Green Plan Research Program
Dr. Bruce MacDonald
Land Resource Div.
Agriculture and Agri-Food Canada
"excerpted from the
1995 GP Research
The quality of water
in the Great Lakes System has been a longstanding concern of both the
government of Canada and the government of the United States of America.
The rights and obligations of both countries were officially outlined
in the spirit of friendship and cooperation in the Boundary Waters Treaty
signed on January 11, 1909. In more recent times the obligation not
to pollute boundary waters while recognizing the rights of each country
in the use of its Great Lakes waters has been reaffirmed in a series
of Great Lakes Water Quality Agreements.
The state of the Great
Lakes is monitored and reported regularly by the
International Joint Commission.
In the Great Lakes
Water Quality Agreement (GLWQA) of 1972, emphasis was placed on
nutrients from point sources (municipal sewage treatment facilities)
as a major concern to water quality in the Great Lakes Basin Ecosystem.
In addition, the PLUARG (Pollution
from Land Use Activities Research Group) studied rural pollution
and confirmed agriculture as a non-point source of pollution.
The GLWQA was reviewed
and updated in 1978. In this agreement, target levels were established
for phosphorus loadings to the Great Lakes. A phosphorus management
plan was developed for the lakes which included pollution from rural
non-point sources. SWEEP
(the Soil and Water Environmental Enhancement Program) was established
to carry out research and transfer of technology related to agriculture.
At the time of this agreement a Canada-Ontario Agreement (COA)
was signed respecting the Great Lakes Basin Ecosystem. The purpose of
the COA was to coordinate the activities of federal departments and
provincial ministries in support of the
Great Lakes Water Quality Agreement.
The 1987 protocol (an
updated version of the GLWQA) emphasis was placed on limiting the release
and impact of toxic chemicals in the Great Lakes Basin ecosystem. A
non-point source pollution annex was added to the agreement providing
detailed targets for various pollutants. The focus of activities was
broadened to include an ecosystem approach.
The result of the 1987
protocol was several Great Lakes Action plan (GLAP) initiatives;
specifically, the GLAP research program was a five year $ 5 million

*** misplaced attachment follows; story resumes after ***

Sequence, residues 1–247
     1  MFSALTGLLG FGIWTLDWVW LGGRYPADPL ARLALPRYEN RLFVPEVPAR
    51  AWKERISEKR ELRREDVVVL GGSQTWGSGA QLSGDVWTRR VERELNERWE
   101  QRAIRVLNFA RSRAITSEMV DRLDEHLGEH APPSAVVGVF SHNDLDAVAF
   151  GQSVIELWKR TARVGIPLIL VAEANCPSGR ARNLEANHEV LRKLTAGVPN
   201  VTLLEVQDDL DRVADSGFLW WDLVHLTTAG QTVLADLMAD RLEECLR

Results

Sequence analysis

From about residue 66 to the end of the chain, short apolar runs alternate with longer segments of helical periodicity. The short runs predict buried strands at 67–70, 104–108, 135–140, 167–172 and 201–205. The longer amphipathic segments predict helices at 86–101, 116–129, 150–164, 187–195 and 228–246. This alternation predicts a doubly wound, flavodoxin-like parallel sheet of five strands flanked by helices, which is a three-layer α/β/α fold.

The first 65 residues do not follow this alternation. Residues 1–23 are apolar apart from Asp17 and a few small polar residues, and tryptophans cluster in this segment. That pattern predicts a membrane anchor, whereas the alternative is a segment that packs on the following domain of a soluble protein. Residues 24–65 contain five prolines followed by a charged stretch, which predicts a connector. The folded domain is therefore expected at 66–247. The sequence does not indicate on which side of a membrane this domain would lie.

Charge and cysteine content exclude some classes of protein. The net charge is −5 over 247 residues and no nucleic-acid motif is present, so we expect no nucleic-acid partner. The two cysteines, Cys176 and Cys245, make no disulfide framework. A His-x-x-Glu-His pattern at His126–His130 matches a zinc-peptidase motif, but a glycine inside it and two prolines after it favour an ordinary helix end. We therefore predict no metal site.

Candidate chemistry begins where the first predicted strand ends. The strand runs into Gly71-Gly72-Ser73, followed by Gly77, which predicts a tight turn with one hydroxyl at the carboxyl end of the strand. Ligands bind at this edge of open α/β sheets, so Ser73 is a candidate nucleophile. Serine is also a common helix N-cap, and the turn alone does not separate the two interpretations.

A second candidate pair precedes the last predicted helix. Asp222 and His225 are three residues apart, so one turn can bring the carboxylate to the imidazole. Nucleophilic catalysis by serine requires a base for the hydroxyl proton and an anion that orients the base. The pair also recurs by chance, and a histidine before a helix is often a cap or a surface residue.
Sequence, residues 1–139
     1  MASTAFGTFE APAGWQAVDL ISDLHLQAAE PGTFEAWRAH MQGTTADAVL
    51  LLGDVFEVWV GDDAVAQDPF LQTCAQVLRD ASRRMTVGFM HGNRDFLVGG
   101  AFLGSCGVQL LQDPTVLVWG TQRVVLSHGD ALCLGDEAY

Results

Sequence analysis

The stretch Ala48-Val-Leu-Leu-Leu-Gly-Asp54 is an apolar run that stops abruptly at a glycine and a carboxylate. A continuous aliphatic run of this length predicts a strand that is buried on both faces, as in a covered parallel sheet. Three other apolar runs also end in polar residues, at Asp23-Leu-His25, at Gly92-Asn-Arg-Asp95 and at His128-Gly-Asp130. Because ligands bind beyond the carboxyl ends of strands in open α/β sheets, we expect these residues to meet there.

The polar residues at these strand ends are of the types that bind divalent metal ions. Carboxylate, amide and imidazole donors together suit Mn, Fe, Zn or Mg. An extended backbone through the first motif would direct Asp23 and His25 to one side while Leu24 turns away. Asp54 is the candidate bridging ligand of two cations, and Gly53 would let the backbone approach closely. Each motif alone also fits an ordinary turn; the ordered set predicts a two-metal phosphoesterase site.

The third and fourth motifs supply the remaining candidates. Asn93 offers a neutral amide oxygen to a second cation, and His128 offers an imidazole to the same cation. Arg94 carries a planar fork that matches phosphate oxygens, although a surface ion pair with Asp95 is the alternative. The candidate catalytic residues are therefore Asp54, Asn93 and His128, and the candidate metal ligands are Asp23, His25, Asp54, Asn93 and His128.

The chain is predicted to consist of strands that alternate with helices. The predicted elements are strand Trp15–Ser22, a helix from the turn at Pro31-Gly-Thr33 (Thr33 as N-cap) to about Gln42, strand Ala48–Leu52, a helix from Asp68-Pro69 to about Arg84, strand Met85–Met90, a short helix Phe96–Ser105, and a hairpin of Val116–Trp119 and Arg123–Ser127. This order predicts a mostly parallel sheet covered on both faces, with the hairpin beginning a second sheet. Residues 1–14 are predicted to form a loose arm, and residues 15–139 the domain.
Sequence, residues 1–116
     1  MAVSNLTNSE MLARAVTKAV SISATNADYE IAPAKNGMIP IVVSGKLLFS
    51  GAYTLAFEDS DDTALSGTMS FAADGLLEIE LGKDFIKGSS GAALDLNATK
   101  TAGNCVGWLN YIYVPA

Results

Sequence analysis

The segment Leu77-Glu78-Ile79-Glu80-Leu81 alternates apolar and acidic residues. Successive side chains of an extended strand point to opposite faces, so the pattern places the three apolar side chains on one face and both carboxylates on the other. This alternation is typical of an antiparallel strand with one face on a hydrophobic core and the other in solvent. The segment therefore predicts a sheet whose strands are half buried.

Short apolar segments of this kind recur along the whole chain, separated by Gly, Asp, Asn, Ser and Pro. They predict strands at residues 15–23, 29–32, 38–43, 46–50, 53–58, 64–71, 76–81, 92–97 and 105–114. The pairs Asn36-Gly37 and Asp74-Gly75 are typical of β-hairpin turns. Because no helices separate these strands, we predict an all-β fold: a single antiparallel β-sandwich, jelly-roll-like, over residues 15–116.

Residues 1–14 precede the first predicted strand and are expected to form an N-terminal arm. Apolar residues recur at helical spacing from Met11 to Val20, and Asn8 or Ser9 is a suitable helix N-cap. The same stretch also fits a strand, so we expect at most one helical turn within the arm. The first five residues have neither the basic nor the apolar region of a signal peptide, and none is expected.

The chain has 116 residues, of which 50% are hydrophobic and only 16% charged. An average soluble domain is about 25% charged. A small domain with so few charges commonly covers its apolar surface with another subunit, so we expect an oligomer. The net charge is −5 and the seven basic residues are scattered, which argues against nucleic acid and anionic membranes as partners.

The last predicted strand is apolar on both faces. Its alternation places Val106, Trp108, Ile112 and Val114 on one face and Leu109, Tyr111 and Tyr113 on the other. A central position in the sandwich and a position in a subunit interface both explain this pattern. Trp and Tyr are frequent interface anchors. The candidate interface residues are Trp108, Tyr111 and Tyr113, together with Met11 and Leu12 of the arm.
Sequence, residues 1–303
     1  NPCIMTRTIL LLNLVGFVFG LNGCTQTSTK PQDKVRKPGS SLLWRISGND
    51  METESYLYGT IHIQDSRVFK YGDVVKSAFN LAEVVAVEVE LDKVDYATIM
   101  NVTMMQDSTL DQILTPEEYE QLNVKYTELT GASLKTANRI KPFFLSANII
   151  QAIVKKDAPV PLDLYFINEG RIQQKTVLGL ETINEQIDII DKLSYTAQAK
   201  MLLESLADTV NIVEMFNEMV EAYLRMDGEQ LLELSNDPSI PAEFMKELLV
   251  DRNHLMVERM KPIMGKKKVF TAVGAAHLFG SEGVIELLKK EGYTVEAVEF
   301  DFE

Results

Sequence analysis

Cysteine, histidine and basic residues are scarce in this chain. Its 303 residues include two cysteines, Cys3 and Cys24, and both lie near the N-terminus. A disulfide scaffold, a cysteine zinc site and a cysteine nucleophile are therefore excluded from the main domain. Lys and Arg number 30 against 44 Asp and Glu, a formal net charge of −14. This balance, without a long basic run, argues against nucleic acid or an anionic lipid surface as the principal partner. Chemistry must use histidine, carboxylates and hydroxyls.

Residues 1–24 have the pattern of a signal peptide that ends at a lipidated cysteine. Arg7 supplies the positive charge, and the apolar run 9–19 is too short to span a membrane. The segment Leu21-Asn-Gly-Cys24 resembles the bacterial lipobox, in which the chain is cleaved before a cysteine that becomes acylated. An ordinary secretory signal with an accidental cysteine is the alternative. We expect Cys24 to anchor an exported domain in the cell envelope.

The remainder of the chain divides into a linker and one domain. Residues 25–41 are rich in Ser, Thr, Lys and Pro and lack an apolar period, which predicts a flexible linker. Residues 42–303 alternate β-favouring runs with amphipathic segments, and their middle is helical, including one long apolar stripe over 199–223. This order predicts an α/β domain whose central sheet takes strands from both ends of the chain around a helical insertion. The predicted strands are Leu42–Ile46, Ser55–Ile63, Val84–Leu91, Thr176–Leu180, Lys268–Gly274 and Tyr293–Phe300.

multi-disciplinary research project carried out from 1989 to 1994. It
dealt with agricultural non-point sources of pollution related to pesticides,
manure and nitrogen. In addition, there were federal and provincial
programs designed to promote permanent cover or maintain high residue
ground cover as ways to minimize erosion by water.
The Green Plan agreement
was developed as an equally-shared Canada-Ontario program to encourage
and assist farmers with the implementation of appropriate farm management
practices within the framework of environmentally sustainable agriculture.
Approximately 30% of the federal component of this program has been
directed towards research (to be reported on at this workshop) to address
objectives which were identified at a
Stakeholder conference (Kempenfelt Centre, Barrie, October 1991)
and subsequently refined by research project committees.
Other Green Plan initiatives
deal with technology transfer and demonstration of good innovative practices.
These include the Rural Conservation
Club Program which is coordinated by the Marketing and Industry
Services Branch and has supported more than forty projects developed
and carried out by groups of farmers. The
woodlands, wildlife and wetlands program
has a series of projects designed to promote healthy ecosystems with
a mix of agriculture, forest areas and wetlands. The joint federal-provincial
program to develop booklets which describe
Best Management Practices provide
a standard reference for farmers and the general public about the position
and interactions of agriculture in the rural ecosystem. The farmer led
Environmental Farm Plans are
providing several thousand Ontario farmers with an assessment of their
individual farming operations.
The most recent Canada-Ontario
Agreement (COA) was signed in July 1994. It provides details of
cooperative activities to restore, protect and conserve the Great Lakes
basin ecosystem. This agreement and other Canadian and international
initiatives (listed later) provide an indication of how agricultural
and environmental concerns are continuing to evolve. It is these programs
as well as others yet to come which will shape our thinking and, in
reality, they will provide the context within which the results of our
current Green Plan Research projects will be assessed and interpreted.
It is important for all of us to take note of these developments and